[How-to] Effectively Engage in Community Relations
Maintaining healthy relationships has never been more apparent then in the mining industry. With the majority of operations consisting in foreign lands, the need for mining companies to keep continuous rapport with local communities is imperative for success.
A study by the University of Queensland recently concluded the costs associated with protests can result in $20 million a week in delayed production. The author of the report goes on to assert a community conflict has the capability of costing a company $100 million a year.
The cold hard truth is community relationships matter.
To avoid losses, mining companies must find ways to not only engage with local communities but be proactive.
According to the Ontario Mining Association, companies can harvest healthy relationships by having open dialogue to address concerns and questions.
“This approach builds understanding and trust, while helping to identify opportunities for making a positive difference in people’s lives,” the OMA website states. “The key is to improve socio-economic circumstances and stimulate a diversified local economy that will flourish throughout the life of the mine and well beyond.”
Anglo American for example, one of the largest mining companies in the world, has been wildly successful in engaging in communities. The company’s enterprise development programs have supported more than 48,000 SMES, 76,000 jobs and invested more than $100 million into communities in which they work in.
To cultivate relationships, mining companies must work with surrounding areas to provide jobs and enable income creation as well as possibly investing in infrastructure, education, vocational training, health care, cultural programs and environmental initiatives.
British Lithium Pressured Due To Calls for Electric Cars
The British demand for lithium is set to reach 75,000 tonnes by 2035 as the government works towards their ban on the sale of high-polluting diesel and petrol vehicles within the UK. This comes as automakers worldwide continue to insist on the benefits electric vehicles will have on slowing the rate of climate change.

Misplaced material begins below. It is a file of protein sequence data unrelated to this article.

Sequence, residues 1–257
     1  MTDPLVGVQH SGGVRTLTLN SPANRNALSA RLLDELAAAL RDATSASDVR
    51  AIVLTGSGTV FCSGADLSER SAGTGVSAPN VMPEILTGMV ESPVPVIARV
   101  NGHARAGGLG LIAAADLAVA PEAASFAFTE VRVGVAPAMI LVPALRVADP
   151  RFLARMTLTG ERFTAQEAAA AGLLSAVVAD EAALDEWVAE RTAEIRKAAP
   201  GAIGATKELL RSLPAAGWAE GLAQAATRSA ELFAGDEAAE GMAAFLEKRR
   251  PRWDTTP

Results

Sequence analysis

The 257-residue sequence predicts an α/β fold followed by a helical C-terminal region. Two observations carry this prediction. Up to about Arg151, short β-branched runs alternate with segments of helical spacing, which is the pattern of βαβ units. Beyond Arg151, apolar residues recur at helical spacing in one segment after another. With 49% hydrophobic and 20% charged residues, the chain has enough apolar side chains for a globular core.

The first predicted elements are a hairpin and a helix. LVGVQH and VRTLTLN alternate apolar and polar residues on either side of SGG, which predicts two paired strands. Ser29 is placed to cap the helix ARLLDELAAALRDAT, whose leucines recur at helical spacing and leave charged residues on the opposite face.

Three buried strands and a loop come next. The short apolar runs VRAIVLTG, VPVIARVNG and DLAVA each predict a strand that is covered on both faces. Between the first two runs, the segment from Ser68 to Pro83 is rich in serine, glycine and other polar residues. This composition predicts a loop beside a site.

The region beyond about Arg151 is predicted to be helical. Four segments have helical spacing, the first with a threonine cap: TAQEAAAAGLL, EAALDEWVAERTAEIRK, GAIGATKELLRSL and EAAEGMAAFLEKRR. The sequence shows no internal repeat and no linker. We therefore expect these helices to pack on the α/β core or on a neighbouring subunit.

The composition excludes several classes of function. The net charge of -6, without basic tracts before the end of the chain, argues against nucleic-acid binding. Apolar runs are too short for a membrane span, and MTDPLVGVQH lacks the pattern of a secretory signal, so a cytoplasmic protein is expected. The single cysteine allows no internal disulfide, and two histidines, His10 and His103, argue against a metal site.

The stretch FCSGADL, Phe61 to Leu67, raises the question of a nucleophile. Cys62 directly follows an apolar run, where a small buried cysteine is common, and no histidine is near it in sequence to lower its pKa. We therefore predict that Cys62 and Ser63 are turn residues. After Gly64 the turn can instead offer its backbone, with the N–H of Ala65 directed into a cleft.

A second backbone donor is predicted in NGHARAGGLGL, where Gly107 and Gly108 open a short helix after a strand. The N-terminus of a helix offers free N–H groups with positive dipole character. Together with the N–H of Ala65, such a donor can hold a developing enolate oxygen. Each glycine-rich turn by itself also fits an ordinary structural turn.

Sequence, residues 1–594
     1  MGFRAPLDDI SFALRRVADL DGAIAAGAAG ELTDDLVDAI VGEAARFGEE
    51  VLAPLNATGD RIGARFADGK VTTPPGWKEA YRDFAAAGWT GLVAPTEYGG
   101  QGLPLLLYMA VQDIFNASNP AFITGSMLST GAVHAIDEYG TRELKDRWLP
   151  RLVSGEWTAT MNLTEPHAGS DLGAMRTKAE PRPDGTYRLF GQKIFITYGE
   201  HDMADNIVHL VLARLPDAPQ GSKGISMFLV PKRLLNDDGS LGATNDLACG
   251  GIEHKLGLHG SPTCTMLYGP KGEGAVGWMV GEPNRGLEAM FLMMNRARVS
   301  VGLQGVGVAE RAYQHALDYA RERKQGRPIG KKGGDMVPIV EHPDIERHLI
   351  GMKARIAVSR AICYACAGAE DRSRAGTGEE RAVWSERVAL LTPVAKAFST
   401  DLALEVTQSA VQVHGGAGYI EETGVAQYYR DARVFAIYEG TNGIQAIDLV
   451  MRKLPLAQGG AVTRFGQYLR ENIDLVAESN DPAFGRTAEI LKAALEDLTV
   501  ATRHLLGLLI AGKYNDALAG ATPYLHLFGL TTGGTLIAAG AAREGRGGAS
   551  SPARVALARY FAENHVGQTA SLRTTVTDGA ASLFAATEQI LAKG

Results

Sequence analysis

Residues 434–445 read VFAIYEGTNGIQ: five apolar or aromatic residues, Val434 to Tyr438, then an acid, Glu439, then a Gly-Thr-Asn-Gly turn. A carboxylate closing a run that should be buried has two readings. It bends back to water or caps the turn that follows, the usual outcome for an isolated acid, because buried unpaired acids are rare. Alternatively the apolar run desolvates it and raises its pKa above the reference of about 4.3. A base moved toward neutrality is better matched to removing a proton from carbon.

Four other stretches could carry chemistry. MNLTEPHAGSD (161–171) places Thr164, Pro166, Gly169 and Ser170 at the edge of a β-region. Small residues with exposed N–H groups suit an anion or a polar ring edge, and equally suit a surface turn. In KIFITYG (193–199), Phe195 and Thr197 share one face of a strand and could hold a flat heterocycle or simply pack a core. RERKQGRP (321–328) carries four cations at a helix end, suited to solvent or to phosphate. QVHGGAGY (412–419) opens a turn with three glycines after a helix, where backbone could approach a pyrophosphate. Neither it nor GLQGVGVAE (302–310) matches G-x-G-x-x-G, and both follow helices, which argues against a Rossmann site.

It is estimated that the UK will require 50,000-60,000 MT of lithium carbonate a year by 2035 for battery production to satisfy government needs. This is assuming production remains at 1.2 million vehicles per year, and the amount of lithium required does not increase.
British Lithium, which hopes to begin constructing a quarry to produce 20,000 MT of lithium carbonate a year in a $400 million investment, are not without competitors, both within the UK and abroad.
Competition For Lithium Rises In Europe
After only five years after its initial launch, Cornish Lithium is setting its sights on becoming a UK powerhouse in mining lithium, aiming to begin commercial production in under four years. Jeremy Wrathall, a former investment banker and current managing director of Cornish Lithium, had the future in mind when founding the company.
“In 2016, I started to think about the electric vehicle revolution and what that would mean for metal demand, and I started to think about lithium,” he said in an interview with AFP. “A friend of mine mentioned lithium being identified in Cornwall, and I just wondered if that was a sort of unrecognised thing in the UK.”
Lithium was first discovered in Cornwall around 1864 and has not been mined again since 1914 when it was produced as an ingredient in fireworks. Now, however, Cornish Lithium is reportedly in the testing stage to see if the metal can be produced commercially to meet the growing demand required for the electric car sector.
Despite Cornwall’s close historic ties to mining lithium, Wrathall insists that the project is purely commercial.
Cornish Mining Revival For Lithium Production
“It’s not a mission that drives me to the point of being emotional or romantic,” he says. “It’s vitally important that we do get this technology otherwise Europe has got no lithium supply.”
The European Commission has also stated their goal to end the sale of new petrol and diesel cars by 2035 to aid the environment. That being said, the majority of lithium extraction currently relies on power provided by environmentally damaging fossil fuels─a slight contradiction.
Alex Keynes, from the Brussels-based lobby group Transport & Environment, is adamant that mining for lithium should be done sustainably.
“Our view is that medium-to-long term, the majority of materials including lithium should come from efficient and clean recycling.
“Europe from a strategic point of view should be looking at securing its own supply of lithium.”
Despite growing competition from abroad, British Lithium Chairman, Roderick Smith, continues to place importance on the mining of lithium within the UK.
“Imagine what the UK economy would look like if we lost our automotive industry,” Smith says. “The stakes are high for the UK.”
Smith expects the UK to compete with other European countries to secure a lithium battery plant in the near future.